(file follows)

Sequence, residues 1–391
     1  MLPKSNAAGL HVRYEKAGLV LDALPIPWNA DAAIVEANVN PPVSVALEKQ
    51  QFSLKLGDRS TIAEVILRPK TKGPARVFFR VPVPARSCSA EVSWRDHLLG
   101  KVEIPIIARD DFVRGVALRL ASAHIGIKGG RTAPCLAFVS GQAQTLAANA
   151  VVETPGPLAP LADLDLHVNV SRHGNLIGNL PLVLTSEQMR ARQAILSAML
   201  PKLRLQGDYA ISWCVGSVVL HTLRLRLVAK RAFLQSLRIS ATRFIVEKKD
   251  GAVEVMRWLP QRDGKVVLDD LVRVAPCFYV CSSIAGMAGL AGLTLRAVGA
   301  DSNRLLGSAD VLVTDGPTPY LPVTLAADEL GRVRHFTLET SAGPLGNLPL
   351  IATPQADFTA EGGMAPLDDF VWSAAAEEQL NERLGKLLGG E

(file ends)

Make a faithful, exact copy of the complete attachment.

Sequence, residues 1–391
     1  MLPKSNAAGL HVRYEKAGLV LDALPIPWNA DAAIVEANVN PPVSVALEKQ
    51  QFSLKLGDRS TIAEVILRPK TKGPARVFFR VPVPARSCSA EVSWRDHLLG
   101  KVEIPIIARD DFVRGVALRL ASAHIGIKGG RTAPCLAFVS GQAQTLAANA
   151  VVETPGPLAP LADLDLHVNV SRHGNLIGNL PLVLTSEQMR ARQAILSAML
   201  PKLRLQGDYA ISWCVGSVVL HTLRLRLVAK RAFLQSLRIS ATRFIVEKKD
   251  GAVEVMRWLP QRDGKVVLDD LVRVAPCFYV CSSIAGMAGL AGLTLRAVGA
   301  DSNRLLGSAD VLVTDGPTPY LPVTLAADEL GRVRHFTLET SAGPLGNLPL
   351  IATPQADFTA EGGMAPLDDF VWSAAAEEQL NERLGKLLGG E